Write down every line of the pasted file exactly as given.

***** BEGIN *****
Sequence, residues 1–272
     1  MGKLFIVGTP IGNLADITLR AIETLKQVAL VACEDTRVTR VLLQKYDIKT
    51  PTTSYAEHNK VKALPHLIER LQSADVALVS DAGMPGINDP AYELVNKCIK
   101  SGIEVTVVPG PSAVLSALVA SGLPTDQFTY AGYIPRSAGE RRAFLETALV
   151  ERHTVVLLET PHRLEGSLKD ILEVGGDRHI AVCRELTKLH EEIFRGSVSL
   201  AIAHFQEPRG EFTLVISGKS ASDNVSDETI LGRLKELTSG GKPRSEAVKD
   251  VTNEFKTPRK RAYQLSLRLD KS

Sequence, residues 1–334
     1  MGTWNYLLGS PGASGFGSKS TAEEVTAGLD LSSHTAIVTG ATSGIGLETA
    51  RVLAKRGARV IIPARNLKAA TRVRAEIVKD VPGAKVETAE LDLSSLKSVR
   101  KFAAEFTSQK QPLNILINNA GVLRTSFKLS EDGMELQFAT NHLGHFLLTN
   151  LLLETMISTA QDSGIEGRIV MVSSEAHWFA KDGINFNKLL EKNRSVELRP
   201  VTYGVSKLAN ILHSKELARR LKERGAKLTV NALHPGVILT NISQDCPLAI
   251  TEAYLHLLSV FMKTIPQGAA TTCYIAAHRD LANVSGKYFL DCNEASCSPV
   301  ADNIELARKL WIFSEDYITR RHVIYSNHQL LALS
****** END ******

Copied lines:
Sequence, residues 1–272
     1  MGKLFIVGTP IGNLADITLR AIETLKQVAL VACEDTRVTR VLLQKYDIKT
    51  PTTSYAEHNK VKALPHLIER LQSADVALVS DAGMPGINDP AYELVNKCIK
   101  SGIEVTVVPG PSAVLSALVA SGLPTDQFTY AGYIPRSAGE RRAFLETALV
   151  ERHTVVLLET PHRLEGSLKD ILEVGGDRHI AVCRELTKLH EEIFRGSVSL
   201  AIAHFQEPRG EFTLVISGKS ASDNVSDETI LGRLKELTSG GKPRSEAVKD
   251  VTNEFKTPRK RAYQLSLRLD KS

Sequence, residues 1–334
     1  MGTWNYLLGS PGASGFGSKS TAEEVTAGLD LSSHTAIVTG ATSGIGLETA
    51  RVLAKRGARV IIPARNLKAA TRVRAEIVKD VPGAKVETAE LDLSSLKSVR
   101  KFAAEFTSQK QPLNILINNA GVLRTSFKLS EDGMELQFAT NHLGHFLLTN
   151  LLLETMISTA QDSGIEGRIV MVSSEAHWFA KDGINFNKLL EKNRSVELRP
   201  VTYGVSKLAN ILHSKELARR LKERGAKLTV NALHPGVILT NISQDCPLAI
   251  TEAYLHLLSV FMKTIPQGAA TTCYIAAHRD LANVSGKYFL DCNEASCSPV
   301  ADNIELARKL WIFSEDYITR RHVIYSNHQL LALS